Preventing Clickjacking on WordPress Sites

WordPress already sends the X-FRAME-OPTIONS header for wp-login.php and the Admin Panels in order to prevent clickjacking, but it doesn’t send it on the front end because that could interfere with remote services that legitimately frame parts of a site. That’s only relevant for a small number of pages, though, so I’ve added a snippet to my functionality plugin skeleton […]

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PayPal Security Sucks; or, Why Two Factor Authentication is Worthless Without Strong Account Recovery Policies

Even though two-factor authentication isn’t the silver bullet many make it out to be, I’m still a big fan of it and think that it should be offered by any web service that wants to be taken seriously. It’s completely pointless, though, if the service doesn’t also have strong account recovery policies, or if their customer support […]

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Security Reward for new Google Authenticator Plugin

I just released a new plugin into the WordPress.org repository, and am fairly confident that it’s secure, but since it modifies some of the default login behavior, I’d love to get some extra eyeballs on the code. To that end, I’m offering a $150 Amazon.com gift certificate* to anyone who can find a significant vulnerability. By “significant”, […]

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How to Create Strong Passwords

We just updated the password advice we give to WordPress.com users so that it focuses on modern techniques like password managers and passphrases. It’s aimed at non-technical users, and very little of it is specific to WordPress.com, so it’s a good resource to share with clients or friends who could use a little nudge towards […]

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Web Application Attack and Audit Framework

Tony Perez recently wrote about the Web Application Attack and Audit Framework (W3AF), which is a tool you can use to scan a website for various vulnerabilities, like XSS and SQL injection. You can watch a demo to get a feel for what it does. I think it’s a good thing to run during the testing […]

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GoDaddy.com Doesn’t Protect Customer’s Passwords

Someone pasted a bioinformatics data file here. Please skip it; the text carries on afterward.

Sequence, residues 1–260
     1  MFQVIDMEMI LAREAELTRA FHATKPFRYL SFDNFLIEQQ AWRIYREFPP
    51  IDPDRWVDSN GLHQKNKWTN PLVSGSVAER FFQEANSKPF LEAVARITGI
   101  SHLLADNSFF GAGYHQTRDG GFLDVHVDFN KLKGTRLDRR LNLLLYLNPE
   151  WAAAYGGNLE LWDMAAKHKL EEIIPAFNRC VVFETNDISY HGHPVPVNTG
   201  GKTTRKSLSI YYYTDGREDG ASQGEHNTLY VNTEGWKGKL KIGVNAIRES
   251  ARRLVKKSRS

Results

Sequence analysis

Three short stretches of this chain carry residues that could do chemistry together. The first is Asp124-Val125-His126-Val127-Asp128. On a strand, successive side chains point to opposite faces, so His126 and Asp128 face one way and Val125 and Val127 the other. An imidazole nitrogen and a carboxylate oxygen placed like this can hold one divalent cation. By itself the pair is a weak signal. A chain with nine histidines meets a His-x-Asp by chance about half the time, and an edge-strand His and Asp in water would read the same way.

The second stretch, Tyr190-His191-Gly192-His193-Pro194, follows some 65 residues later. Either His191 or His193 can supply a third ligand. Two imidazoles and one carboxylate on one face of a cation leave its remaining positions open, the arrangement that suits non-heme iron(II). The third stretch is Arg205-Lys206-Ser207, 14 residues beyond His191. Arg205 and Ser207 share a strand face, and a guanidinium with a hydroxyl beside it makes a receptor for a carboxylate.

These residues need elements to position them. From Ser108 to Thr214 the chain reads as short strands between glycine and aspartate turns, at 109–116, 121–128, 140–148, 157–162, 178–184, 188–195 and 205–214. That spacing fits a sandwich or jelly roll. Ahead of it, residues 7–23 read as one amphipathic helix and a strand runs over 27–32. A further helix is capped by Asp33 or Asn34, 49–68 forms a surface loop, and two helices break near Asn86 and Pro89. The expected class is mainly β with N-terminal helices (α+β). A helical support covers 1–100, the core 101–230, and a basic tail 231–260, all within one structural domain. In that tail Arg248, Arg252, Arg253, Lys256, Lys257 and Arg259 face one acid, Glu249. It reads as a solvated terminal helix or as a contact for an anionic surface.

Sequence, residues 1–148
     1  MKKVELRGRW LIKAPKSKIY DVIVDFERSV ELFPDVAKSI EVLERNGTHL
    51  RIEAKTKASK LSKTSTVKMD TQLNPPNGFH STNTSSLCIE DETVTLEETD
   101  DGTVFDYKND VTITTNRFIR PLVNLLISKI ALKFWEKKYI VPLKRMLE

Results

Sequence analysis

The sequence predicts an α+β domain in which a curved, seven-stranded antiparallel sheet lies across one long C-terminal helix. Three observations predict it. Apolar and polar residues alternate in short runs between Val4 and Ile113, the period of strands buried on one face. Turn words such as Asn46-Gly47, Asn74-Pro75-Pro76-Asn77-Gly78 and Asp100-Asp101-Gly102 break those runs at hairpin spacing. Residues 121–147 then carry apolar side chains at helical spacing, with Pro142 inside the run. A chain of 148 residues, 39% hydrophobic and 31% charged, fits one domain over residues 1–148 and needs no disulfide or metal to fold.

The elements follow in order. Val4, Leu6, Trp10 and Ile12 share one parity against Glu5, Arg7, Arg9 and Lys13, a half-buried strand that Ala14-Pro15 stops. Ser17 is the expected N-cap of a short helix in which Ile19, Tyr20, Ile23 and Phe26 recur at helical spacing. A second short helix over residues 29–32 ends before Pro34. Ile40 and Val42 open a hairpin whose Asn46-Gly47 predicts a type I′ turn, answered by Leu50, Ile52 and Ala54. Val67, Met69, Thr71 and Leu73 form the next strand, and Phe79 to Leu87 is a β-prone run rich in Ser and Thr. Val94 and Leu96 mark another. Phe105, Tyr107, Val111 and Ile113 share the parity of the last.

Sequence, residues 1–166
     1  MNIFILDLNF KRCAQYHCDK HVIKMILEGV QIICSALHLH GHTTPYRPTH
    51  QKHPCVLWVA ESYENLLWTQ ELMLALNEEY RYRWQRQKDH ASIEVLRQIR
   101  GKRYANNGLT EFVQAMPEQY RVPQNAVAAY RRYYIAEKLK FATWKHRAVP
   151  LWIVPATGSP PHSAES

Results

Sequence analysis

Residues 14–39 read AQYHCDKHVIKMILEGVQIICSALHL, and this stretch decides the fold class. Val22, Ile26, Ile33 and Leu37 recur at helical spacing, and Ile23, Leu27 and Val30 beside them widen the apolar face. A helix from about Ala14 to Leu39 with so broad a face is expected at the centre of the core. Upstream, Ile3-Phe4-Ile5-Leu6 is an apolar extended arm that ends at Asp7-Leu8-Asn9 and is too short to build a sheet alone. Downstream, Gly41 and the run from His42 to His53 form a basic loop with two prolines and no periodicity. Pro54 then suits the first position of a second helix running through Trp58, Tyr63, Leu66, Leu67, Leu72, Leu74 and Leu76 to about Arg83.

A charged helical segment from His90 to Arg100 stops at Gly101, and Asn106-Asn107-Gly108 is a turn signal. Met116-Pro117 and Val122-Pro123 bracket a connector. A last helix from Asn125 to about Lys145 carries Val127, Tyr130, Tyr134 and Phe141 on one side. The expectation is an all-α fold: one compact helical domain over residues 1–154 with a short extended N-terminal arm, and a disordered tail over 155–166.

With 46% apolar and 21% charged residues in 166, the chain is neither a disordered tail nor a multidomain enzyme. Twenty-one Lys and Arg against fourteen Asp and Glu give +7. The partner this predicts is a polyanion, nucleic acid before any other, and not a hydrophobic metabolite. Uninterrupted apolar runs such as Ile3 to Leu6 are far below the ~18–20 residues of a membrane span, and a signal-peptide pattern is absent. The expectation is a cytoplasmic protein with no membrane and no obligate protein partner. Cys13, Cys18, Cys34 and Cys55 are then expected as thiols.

Unfortunately from time to time I have the unpleasant task of dealing with GoDaddy in one form or another, and today I noticed another failure with their services that caught me by surprise. If you knew how low my opinion of GoDaddy was to begin with, then you’d realize how bad the problem must have […]

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XML-RPC Enabled by Default in WordPress 3.5

XML-RPC will be enabled by default in WordPress 3.5, but I personally think that’s a bad idea from a security perspective. A fellow Seattle WP developer, Ben Lobaugh, explains why on the Trac ticket.. Luckily, it’s easy to disable it. Just add this to a plugin: I’ve added that to my security checklist for new […]

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Don’t Move wp-config.php Outside the Document Root

Most WordPress security guides recommend moving wp-config.php outside of the Apache document root in order to prevent the database password being exposed if the PHP engine fails to parse the file, or from being readable to infected scripts running in the domain. Despite the conventional wisdom, though, this technique doesn’t solve those problems, and can actually […]

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Why Short URLs are Evil and You Should Never Use Them

Ok, so maybe that title was a bit of a hyperbole, but this is one of my biggest pet peeves on the Web right now. Joshua Schachter has a comprehensive analysis of the concept of Short URLs and the myriad problems associated with it, but the biggest one for me is the fact that the […]

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Principles to Apply When Preventing Brute Force Attacks

I just read a good article by Bryan Rite about the security principles involved in preventing dictionary attacks. He makes a good point about offloading the work to a service like OpenID if possible, and has some other tips to use if you have to implement it yourself. Some of it challenges the conventional wisdom, but I think […]

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What Really Makes a Password Strong?

Bob Yexley turned me on to passphrases a few years ago when he linked to what became a seminal article on the topic by Robert Hensing. The argument is that passphrases — random words strung together to form a phrase, e.g., monkey stars hatchback questioning — are both more secure and easier to remember than what are […]

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WordPress Plugin and Theme Security

Mark Jaquith recently gave a good presentation on writing secure WordPress themes and plugins at Wordcamp Phoenix 2011. The notes are also available. The main points are: Protect against SQL Injection by using the API whenever possible (because it automatically handles data sanitization). If the API can’t do what you need, use $wpdb->prepare(). Protect against […]

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